How Stephen Curry having ball in his hands more could help Warriors


How Stephen Curry having ball in his hands more could help Warriors

Editor's note: Grant Liffmann and Drew Shiller are the co-hosts of Warriors Outsiders, which airs on NBC Sports Bay Area 90 minutes before each home game and 60 minutes after every game. Each week, they will drop their Outside Observations on the state of the Dubs, and this time, it's Grant's turn.

I've heard what the fans are begging for: MORE STEPH CURRY! Many just want to see Steph get more shots, and others simply would like the ball in his hands more.

Let's first start with his shots, though, because you might be surprised how much Steph actually has been shooting this season.

Curry has been shooting 19.8 field-goal attempts per game this season, his second-most attempts in his career, just trailing his unanimous NBA MVP season, when he launched 20.2 per game (but didn't have to worry about making sure Kevin Durant was well fed with attempts). His 3-point attempts per game tell a similar story, as Curry is averaging 11 shots from deep, the second-highest total of his career and also trailing the 2015-16 campaign when he launched 11.2 per game.

When compared to last season, Curry is taking about three more field-goal attempts per game this season, including over one more shot from deep. Last season, Steph attempted 14 or more 3-point attempts in a game in three of 51 games played. This season, he has done that in 10 of 28 games played.

The truth is, Curry has been shooting plenty this season. Personally, I believe he should continue shooting around the exact amount he is now. BUT it would be nice to see the ball in his hands more.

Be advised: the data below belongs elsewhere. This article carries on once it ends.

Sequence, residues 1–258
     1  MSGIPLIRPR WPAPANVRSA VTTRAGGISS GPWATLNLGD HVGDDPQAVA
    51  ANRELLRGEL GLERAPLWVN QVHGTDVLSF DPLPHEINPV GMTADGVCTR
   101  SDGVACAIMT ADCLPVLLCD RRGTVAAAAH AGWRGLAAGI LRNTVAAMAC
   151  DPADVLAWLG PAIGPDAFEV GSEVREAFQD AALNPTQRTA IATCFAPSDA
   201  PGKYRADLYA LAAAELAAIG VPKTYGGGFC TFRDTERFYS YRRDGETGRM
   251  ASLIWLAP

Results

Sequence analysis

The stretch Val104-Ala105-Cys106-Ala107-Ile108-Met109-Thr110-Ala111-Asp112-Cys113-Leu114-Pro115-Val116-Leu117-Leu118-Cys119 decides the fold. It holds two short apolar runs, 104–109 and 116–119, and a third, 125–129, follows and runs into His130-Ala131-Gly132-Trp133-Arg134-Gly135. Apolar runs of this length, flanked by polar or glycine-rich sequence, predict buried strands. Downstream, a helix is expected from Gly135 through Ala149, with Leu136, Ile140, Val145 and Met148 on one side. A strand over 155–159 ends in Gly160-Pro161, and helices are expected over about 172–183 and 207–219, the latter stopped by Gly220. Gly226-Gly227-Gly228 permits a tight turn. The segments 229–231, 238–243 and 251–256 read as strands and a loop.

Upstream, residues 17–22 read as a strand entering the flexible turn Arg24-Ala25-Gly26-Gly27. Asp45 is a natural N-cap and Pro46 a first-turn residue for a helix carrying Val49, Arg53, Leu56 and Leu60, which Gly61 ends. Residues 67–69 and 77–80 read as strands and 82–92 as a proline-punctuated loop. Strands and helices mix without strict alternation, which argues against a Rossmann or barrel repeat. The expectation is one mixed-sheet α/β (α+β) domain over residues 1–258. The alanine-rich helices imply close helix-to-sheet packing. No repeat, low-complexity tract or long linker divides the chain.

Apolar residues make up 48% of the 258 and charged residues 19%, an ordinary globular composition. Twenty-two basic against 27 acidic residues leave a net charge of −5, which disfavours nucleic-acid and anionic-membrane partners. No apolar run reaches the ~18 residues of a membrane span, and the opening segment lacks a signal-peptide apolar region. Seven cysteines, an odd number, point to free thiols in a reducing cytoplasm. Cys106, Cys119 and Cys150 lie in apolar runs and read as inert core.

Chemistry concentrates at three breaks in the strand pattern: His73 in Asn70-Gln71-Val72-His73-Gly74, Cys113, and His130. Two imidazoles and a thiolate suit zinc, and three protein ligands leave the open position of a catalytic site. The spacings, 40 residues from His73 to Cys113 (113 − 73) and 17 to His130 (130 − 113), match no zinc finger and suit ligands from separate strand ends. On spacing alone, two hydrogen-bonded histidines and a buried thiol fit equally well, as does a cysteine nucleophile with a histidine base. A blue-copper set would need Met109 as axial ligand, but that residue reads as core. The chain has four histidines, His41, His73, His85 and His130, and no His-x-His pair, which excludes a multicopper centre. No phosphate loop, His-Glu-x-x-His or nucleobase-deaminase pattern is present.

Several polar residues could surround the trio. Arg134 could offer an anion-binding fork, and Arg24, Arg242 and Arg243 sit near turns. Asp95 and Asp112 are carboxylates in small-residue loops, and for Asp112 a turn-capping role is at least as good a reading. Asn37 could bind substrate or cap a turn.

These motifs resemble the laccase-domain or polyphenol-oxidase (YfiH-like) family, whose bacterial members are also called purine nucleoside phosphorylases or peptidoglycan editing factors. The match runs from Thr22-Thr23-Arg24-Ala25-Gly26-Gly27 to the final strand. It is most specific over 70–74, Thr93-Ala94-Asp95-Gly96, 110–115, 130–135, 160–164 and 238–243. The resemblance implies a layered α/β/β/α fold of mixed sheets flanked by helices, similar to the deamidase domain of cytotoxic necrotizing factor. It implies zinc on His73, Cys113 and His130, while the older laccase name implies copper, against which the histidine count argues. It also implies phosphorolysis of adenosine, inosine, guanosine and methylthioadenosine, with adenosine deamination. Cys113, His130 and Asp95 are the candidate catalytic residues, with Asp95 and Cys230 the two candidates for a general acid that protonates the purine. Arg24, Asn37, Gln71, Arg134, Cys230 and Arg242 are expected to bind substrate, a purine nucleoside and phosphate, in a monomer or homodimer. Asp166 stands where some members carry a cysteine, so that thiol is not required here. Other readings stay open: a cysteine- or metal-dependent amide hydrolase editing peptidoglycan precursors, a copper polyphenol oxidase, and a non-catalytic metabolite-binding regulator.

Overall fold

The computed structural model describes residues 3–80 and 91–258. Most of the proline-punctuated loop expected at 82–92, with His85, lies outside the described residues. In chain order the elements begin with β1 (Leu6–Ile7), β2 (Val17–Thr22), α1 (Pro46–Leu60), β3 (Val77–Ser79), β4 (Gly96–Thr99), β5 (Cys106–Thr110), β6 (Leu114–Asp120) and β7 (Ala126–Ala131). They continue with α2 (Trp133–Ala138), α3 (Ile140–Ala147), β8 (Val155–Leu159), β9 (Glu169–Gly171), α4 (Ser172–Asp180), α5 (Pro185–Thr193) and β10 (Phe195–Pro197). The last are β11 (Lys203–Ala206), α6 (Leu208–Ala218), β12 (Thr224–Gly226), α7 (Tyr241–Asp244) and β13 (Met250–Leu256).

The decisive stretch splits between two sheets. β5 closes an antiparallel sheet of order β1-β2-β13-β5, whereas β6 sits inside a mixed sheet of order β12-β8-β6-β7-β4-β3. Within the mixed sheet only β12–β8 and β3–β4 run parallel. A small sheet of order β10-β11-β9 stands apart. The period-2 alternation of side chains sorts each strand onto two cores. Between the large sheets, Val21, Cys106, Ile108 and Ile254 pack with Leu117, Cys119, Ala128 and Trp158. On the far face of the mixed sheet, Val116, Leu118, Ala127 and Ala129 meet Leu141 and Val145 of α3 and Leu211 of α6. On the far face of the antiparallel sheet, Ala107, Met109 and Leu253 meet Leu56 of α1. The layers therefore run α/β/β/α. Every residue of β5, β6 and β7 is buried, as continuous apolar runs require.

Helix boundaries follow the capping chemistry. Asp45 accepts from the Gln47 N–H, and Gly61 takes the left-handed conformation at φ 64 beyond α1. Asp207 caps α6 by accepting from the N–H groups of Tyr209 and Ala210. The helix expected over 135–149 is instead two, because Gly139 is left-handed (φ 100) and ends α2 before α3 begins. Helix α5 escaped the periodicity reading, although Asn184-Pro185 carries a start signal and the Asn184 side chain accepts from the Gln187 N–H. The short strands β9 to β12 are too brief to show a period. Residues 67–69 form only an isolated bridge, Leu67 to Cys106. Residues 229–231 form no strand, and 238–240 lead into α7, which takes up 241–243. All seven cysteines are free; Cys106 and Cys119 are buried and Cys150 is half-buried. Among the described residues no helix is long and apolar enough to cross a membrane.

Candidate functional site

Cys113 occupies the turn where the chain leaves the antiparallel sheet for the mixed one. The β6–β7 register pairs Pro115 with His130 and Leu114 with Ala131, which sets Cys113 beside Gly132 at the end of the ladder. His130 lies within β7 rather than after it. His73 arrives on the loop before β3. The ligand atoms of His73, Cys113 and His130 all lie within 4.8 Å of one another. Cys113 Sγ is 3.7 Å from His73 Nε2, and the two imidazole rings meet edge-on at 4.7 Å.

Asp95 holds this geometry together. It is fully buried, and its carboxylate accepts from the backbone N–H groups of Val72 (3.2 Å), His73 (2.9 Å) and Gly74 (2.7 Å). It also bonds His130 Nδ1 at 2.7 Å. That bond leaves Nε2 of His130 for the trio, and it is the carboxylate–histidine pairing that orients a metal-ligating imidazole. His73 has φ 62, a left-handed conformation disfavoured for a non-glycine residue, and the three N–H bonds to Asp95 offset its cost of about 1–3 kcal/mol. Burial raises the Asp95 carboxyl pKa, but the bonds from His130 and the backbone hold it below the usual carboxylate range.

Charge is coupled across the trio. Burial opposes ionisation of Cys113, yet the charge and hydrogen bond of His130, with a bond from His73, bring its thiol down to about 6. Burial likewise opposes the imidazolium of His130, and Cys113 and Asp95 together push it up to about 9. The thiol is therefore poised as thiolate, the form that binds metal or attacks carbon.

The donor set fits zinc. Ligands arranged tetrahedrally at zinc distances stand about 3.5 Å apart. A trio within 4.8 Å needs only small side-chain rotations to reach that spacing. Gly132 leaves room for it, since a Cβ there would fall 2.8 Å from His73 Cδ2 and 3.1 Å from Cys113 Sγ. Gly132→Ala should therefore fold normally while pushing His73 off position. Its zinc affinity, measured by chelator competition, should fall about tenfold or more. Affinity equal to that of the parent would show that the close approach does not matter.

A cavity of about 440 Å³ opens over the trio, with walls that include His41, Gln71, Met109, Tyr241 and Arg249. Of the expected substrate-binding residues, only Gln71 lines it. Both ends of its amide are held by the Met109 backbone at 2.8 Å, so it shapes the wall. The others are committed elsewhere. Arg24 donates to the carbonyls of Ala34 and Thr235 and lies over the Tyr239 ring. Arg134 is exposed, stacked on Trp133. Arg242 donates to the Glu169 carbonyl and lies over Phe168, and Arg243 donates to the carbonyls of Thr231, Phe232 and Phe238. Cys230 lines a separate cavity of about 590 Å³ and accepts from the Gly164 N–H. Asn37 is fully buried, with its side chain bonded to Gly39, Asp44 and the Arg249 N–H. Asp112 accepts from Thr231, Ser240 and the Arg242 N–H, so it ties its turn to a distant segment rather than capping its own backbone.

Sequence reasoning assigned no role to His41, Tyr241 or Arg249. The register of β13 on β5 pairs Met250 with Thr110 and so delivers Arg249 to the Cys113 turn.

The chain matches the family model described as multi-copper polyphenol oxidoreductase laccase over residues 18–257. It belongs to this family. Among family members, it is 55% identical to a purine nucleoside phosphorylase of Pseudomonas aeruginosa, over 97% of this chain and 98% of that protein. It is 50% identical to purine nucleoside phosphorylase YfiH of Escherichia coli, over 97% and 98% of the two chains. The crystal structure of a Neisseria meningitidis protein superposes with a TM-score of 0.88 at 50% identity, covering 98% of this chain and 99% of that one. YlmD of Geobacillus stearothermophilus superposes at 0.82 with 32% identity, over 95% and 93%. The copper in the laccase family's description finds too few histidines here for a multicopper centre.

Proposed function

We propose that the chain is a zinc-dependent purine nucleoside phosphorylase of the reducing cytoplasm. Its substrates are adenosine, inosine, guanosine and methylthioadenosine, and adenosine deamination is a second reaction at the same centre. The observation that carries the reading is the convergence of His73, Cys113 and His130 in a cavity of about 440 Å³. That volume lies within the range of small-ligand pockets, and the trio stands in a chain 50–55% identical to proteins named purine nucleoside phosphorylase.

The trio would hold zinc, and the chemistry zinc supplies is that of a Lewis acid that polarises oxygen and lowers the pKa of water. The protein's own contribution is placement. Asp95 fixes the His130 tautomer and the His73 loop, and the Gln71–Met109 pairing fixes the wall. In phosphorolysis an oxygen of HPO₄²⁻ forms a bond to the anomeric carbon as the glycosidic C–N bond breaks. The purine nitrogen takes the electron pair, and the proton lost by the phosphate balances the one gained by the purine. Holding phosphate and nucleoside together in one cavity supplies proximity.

Warriors coach Steve Kerr recently addressed questions regarding this subject, and answered that since the team is staggering Steph and KD, the unit Curry plays with to start the second and fourth quarters includes ball handlers such as Andre Iguodala and Shaun Livingston. As Kerr said: "Steph is perfectly comfortable playing off the ball. Shaun can post up. I like the look of it."

Curry is highly skilled at moving without the ball, tricking defenders and running circles around those who aren't prepared to fight through multiple screens. He is shooting his best percentage from deep off catch-and-shoot attempts, making 46.4 percent. So the numbers don't lie when Kerr says Steph is perfectly comfortable playing off the ball.

And Kerr is right in that Livingston and others play best with the ball in their hands more. But so does Steph as a "playmaker," and he is one of the best players in the world.

[RELATED: What went right, what went wrong in Warriors' OT loss to Rockets]

When Curry plays with the ball in his hands, he starts dancing on defenders and can force opponents to send double teams, which automatically leads to better shots for his teammates. He is tied for his career low with 5.3 assists per game, which is no coincidence, considering you cannot feed your teammates when you do not have the ball. I'm not saying Curry should have the ball every single play, but perhaps more of a balance could keep defenses a little more honest and let the Warriors exploit the second units of opposing teams by unleashing Steph on them.

Keep in mind, all the current strategy as it is constructed will be turned upside down with DeMarcus Cousins' return. Kerr most likely will not stagger Durant and Curry as much anymore, letting Cousins, Klay Thompson and Draymond Green man the second unit. This would allow Cousins to get ample shot attempts since he will not be featured as frequently playing alongside the two MVPs to start the game.